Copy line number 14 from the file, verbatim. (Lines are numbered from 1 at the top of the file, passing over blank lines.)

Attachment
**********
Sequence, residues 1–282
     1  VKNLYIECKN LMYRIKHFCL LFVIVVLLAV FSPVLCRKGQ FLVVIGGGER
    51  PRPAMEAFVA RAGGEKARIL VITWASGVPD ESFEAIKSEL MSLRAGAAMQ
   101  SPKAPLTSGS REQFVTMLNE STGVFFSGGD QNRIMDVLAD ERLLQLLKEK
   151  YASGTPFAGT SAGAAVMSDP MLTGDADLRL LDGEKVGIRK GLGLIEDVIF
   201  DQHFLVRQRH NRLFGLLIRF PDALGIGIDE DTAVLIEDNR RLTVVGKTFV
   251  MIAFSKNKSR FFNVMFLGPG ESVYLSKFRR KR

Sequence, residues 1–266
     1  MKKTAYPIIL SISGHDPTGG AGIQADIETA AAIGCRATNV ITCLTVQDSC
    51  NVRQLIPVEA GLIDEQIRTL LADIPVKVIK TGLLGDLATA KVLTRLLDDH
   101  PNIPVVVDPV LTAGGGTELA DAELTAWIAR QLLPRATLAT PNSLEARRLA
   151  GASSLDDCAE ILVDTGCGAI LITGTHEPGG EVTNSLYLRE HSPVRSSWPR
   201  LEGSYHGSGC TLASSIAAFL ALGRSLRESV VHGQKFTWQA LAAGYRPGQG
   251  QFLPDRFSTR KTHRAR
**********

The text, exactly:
   251  QFLPDRFSTR KTHRAR